Tag Archives: Doug Collins

Perdue to Challenge Kemp in Georgia

By Jim Ellis

Former US Sen. David Perdue (R-GA)

Dec. 7, 2021 — Something that has been rumored about and speculated upon for weeks has finally come to fruition. Defeated Sen. David Perdue has formally announced that he will challenge Gov. Brian Kemp in next year’s Republican primary.

The serious primary challenge is part of the aftermath from the 2020 election controversy where Gov. Kemp’s perceived handling of the voter fraud complaints and challenges left a significant portion of the Republican base expressing discontent. Former President Donald Trump has many times attacked Kemp on the subject and is one of the key people behind Perdue’s fledgling gubernatorial candidacy. Trump is expected to play a large role in the primary.

Georgia Gov Brian Kemp

Sen. Perdue lost his seat in the 2020 post-general runoff to Jon Ossoff (D) by a 50.6 – 49.4 percent count (54,944 votes of a total turnout of 4.48 million) after placing first in the general election by almost two full percentage points. Georgia has a majority victory rule, however, that requires all candidates to win their elections with more than 50 percent. In the November vote, Sen. Perdue fell just one-quarter percent short of securing outright victory.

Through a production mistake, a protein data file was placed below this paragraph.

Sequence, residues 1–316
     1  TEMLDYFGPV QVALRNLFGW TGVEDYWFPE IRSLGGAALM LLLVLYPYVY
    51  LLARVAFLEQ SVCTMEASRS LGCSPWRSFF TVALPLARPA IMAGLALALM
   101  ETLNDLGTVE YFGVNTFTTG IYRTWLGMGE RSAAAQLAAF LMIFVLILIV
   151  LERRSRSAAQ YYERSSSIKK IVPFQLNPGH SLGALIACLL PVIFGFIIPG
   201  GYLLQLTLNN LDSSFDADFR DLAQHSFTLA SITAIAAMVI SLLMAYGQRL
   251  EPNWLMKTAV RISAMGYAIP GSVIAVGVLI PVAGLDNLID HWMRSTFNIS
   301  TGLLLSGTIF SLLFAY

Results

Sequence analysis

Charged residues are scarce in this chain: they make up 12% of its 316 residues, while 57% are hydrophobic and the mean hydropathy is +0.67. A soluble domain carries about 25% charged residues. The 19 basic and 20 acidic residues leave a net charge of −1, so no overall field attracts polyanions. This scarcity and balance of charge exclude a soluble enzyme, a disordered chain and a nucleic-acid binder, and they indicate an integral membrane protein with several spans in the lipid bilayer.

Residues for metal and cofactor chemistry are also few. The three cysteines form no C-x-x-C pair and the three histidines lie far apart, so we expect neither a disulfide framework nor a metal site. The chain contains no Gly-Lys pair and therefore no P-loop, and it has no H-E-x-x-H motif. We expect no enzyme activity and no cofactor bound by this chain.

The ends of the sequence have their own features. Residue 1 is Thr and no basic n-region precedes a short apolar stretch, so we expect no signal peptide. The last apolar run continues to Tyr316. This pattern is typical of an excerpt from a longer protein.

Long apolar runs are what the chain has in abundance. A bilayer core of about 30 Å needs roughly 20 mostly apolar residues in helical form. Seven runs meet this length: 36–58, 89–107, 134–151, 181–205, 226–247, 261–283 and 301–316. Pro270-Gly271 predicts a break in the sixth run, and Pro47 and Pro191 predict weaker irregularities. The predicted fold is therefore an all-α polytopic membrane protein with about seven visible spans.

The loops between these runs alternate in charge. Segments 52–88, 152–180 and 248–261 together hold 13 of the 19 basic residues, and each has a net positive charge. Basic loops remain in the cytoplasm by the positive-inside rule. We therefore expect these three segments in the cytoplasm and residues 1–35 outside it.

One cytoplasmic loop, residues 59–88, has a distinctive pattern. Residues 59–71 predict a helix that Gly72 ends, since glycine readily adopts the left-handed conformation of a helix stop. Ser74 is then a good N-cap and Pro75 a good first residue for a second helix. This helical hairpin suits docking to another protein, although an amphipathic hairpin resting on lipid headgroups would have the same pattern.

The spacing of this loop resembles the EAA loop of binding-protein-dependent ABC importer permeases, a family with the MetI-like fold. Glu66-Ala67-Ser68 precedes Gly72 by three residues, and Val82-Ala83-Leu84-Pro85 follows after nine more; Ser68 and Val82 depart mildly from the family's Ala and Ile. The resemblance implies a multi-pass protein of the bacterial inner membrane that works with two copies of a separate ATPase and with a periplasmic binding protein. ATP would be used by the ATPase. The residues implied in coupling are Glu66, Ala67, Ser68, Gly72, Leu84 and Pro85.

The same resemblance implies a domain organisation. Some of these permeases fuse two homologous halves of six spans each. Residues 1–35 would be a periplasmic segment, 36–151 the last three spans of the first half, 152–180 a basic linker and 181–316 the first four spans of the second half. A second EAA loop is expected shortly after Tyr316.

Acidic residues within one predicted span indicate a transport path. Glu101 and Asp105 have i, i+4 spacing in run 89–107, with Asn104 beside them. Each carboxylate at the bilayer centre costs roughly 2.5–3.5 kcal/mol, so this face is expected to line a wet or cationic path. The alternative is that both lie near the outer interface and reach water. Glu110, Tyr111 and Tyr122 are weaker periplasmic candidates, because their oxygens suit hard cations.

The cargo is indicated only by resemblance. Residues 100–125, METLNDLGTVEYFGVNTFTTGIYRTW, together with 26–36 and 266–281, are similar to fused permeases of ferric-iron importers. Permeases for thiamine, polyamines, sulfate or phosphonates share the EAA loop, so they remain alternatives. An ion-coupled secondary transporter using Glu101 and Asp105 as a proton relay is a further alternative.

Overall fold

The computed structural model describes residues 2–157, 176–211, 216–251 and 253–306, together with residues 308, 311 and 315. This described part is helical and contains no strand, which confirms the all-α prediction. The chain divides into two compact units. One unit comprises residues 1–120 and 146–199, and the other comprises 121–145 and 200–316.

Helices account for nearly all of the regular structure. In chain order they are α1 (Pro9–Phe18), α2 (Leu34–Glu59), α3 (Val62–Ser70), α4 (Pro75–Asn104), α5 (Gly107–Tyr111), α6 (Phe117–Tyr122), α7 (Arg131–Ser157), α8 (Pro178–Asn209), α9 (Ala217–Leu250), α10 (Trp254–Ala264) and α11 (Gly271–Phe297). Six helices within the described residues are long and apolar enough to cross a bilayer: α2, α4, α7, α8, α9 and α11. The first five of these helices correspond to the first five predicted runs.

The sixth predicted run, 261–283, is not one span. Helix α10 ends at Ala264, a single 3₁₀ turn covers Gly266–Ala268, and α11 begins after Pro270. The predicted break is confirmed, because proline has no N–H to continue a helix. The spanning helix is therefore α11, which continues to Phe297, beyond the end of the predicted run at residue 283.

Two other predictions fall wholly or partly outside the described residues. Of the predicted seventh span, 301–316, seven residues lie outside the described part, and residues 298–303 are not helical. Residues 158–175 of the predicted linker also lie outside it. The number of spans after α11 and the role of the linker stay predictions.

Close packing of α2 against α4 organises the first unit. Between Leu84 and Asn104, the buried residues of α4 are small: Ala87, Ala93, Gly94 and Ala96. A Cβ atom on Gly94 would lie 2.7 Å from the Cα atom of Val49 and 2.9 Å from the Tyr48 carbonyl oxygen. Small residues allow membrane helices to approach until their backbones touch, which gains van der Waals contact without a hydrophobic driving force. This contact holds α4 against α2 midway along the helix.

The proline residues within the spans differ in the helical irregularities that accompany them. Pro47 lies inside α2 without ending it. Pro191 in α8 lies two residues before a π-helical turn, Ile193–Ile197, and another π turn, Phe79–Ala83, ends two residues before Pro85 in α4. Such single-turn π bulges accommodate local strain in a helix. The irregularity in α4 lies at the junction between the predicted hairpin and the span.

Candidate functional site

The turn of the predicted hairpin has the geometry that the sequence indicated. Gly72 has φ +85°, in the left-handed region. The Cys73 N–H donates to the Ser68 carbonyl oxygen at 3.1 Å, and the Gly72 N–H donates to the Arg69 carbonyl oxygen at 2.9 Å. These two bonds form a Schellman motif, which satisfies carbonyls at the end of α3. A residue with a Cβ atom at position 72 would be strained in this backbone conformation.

One of the reasons he lost is the state’s strongest Republican counties didn’t perform in the runoff as strongly as did the best Democratic counties. Many Republicans, it is believed, did not return for the runoff because they listened to some of the key Trump leaders, including the former president himself, argue that the Georgia election system is “rigged.”

Gov. Kemp was elected in 2018, winning the primary largely because he positioned himself far to the right, thus successfully appealing to the ardent Trump Republican voter. After moderating for the general election campaign, Kemp defeated former state House Minority Leader Stacey Abrams (D) by just 54,723 votes, an almost identical number to the difference between the Ossoff-Perdue election two years later. She, like Trump, challenged the election results.

The relationship between Gov. Kemp and Trump first became strained when the former disregarded the latter’s endorsed candidate for the US Senate appointment: then-Rep. Doug Collins who was in the running to replace resigned Sen. Johnny Isakson. The three-term senator, former House member and state legislative leader, was forced to leave office for health reasons, thus allowing the governor to appoint an interim successor.